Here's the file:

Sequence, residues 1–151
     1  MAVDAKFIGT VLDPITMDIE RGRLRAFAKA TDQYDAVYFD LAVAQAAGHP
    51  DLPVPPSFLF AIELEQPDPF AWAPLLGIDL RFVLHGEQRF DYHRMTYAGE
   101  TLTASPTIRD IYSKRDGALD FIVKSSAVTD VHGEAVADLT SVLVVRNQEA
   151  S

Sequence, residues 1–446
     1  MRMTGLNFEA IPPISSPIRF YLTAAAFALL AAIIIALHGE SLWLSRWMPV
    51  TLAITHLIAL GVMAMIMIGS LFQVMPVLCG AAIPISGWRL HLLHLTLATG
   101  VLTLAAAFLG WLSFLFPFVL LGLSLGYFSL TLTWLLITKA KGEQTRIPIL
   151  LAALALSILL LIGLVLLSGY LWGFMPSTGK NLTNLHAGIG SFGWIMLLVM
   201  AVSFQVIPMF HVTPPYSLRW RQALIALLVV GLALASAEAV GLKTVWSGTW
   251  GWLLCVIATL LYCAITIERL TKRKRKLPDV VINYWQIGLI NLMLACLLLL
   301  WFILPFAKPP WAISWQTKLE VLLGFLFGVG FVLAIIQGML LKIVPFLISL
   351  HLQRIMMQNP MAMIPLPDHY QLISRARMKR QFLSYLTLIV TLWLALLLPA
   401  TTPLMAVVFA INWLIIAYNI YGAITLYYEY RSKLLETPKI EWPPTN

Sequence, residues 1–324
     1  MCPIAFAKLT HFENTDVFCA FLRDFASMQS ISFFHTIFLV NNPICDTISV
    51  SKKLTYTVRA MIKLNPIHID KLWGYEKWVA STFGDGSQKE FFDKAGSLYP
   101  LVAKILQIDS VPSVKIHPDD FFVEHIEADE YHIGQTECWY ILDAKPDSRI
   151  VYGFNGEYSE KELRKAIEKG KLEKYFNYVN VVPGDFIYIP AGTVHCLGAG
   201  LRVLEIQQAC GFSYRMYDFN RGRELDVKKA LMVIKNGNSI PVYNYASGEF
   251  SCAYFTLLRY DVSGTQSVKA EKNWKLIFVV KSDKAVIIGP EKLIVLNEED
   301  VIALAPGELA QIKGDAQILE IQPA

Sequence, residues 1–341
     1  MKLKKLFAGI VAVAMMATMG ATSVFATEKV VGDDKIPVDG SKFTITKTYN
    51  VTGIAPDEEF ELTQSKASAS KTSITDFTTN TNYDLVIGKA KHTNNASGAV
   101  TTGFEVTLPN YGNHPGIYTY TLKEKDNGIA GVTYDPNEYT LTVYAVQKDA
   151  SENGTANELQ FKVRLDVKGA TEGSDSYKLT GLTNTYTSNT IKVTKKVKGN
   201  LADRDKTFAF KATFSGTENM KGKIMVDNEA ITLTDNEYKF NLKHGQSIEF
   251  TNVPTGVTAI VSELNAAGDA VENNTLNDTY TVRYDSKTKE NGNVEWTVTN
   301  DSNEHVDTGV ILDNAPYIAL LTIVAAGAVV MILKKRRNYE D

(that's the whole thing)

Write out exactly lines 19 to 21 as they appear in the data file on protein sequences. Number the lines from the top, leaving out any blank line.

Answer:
   101  LVAKILQIDS VPSVKIHPDD FFVEHIEADE YHIGQTECWY ILDAKPDSRI
   151  VYGFNGEYSE KELRKAIEKG KLEKYFNYVN VVPGDFIYIP AGTVHCLGAG
   201  LRVLEIQQAC GFSYRMYDFN RGRELDVKKA LMVIKNGNSI PVYNYASGEF